Fizzy - I read an interview with top model Natalia Vodyanova last month. She does not have it easy, her career is very demanding, plus she was getting divorce from her husbund, they have 3 kids, Natalia helps her mother who is a sole caregiver to sister with severe cerebral palsy. Natalia said: the woman is responsible for her state of happiness. Happiness is the state that every woman achieves by adjusting her surrounding and environment. Happiness is a fleeting moment that you experience from time to time, if you are able to achieve balance and harmony in your life. You work at balance/harmony daily. And you only experience happiness for a few short moments here and there. Never thought I'd hear such great thoughts from a model.ReplyDelete
I am a nurse, not a physician, but I despised my nursing courses in college. I loved the sciences but hated both the theory and the practice of nursing. This was at a time when most women had the choice of being a secretary, teaching, or nursing. I wanted to be a journalist. My father said, "No daughter of mine is going out at 2:00 a.m. to cover a story. I fixed that by choosing a specialty in which I was frequently called in at 2 a.m. It was my mother who said "Be a nurse and then you can do whatever you want." Well, I wasn't going to be a secretary or a teacher, so I majored in nursing, and I went to college to do it. I also quit several times. During psych (I was 17 yr old, fresh out of private parochial school and I was on a closed male ward in a county psych hospital), during OB (pre-Lamaze, heavy into scopalomine) at a Catholic hospital where any intervention that might terminate a pregnancy or a mother's fertility was strictly forbidden, regardless of how much bleeding was going on, and at various other "Are you sh***ing me?" moments. Finally, during senior year, I had two rotations that made me think that I might actually work at this job - ICU and ER - which is where I spent my clinical years. At least with nursing, we had more flexibility, so when I tired of "Treat 'em and street 'em" without too much intellectual stress, I would go back to intensive care, and when that exhausted me, back to the ER. Many years down the line, I have held multiple positions that grew out of my passion for everything intensive. I won't bore you with the list, but most recently, I combined my clinical experience with a love for the discipline of law and the ability to write semi-coherent sentences to be a legal nurse consultant. I am happily and successfully employed, my back is getting a rest, and my mind is stimulated. I do miss many things about hospital life - the camraderie, immediate gratification (or not), the choreography of an arrest, the unparalleled cooperation and respect among various disciplines, and that special MASH Unit relationship that people in difficult situations share. Now, however, when someone tells me that we have an emergency case, I can say, until you can tell me that a school bus carrying students careened off the road and hit two Jehovah's Witnesses at the same time I am attending to an AMI, (a situation that actually happened, btw), then we do not have an emergency.ReplyDelete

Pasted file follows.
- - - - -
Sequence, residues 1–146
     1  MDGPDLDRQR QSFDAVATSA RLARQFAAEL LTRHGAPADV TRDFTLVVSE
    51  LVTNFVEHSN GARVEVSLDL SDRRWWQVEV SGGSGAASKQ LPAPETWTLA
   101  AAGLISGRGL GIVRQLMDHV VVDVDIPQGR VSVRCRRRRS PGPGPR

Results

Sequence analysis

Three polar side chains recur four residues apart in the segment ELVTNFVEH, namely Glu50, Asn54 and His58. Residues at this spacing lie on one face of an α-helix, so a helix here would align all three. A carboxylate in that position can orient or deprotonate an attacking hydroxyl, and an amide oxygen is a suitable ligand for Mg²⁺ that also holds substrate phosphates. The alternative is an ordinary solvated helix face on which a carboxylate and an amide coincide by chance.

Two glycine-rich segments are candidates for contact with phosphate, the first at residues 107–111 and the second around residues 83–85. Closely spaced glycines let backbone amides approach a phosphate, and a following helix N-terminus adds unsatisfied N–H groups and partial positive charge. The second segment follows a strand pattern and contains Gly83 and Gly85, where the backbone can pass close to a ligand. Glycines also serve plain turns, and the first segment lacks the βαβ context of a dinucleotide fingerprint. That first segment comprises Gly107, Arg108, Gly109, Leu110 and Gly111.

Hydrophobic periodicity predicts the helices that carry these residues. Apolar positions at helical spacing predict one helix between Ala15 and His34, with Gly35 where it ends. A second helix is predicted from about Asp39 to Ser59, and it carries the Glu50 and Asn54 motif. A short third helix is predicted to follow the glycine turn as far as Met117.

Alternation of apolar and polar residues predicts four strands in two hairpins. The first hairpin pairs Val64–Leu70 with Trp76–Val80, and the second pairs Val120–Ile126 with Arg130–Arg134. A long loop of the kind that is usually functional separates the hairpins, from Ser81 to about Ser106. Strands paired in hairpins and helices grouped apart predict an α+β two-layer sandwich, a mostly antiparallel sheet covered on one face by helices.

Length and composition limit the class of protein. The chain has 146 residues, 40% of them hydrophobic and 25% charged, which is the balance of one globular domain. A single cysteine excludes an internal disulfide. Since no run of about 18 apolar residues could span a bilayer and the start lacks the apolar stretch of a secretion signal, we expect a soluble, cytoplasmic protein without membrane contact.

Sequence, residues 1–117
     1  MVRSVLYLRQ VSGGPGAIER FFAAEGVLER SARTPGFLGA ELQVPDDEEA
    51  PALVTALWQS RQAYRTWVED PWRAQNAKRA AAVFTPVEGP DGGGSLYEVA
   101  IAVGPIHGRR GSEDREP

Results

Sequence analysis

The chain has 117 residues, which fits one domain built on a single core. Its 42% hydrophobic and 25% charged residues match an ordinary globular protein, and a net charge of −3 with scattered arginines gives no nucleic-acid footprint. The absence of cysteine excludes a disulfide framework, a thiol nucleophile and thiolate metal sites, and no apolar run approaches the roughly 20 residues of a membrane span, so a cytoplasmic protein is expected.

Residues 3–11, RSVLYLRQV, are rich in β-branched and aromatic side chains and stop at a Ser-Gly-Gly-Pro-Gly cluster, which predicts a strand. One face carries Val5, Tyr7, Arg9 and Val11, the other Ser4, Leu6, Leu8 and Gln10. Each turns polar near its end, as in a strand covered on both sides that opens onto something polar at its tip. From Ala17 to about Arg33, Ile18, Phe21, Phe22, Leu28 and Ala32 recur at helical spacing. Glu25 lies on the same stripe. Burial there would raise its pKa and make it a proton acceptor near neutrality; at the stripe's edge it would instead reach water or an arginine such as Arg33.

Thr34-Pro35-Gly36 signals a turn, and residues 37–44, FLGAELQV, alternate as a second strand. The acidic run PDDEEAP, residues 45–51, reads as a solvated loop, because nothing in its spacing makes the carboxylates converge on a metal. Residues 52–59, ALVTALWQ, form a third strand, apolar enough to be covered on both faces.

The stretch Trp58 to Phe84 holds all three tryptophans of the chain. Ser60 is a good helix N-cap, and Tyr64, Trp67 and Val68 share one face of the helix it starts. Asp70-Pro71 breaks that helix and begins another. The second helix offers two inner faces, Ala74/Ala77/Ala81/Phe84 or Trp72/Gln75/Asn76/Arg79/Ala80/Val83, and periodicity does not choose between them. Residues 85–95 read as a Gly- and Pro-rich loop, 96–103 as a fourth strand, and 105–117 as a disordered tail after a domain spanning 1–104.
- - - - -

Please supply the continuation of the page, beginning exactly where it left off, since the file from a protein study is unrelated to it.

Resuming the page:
That said, I am with everyone who said "Go study engineering." Biomedical engineering is, and will be, a huge market with many different opportunities. You don't have to quit what you are doing to decide if you really like engineering. You can start slowly and if you love it, go for it. What do you have to lose?
Sorry this is so long. I guess your post hit a nerve. Tricia
what does she have to lose?Delete
- time with her kids (doing online ourses or attending local collegs in evening hours!), which is why she loathes her career now.
Well, they won't be little forever, and engineering still will be there if she changes her mind.Delete
I meant to add that your current knowledge and training might open doors out there without another degree. TriciaDelete
And the grass is greener on the other side of the fence. I loved biology, chemistry, and physics. My downfall was Calculus. My college told me not to bother with pre-med if I could not hack Calc. with a B+ or better (got a B.)ReplyDelete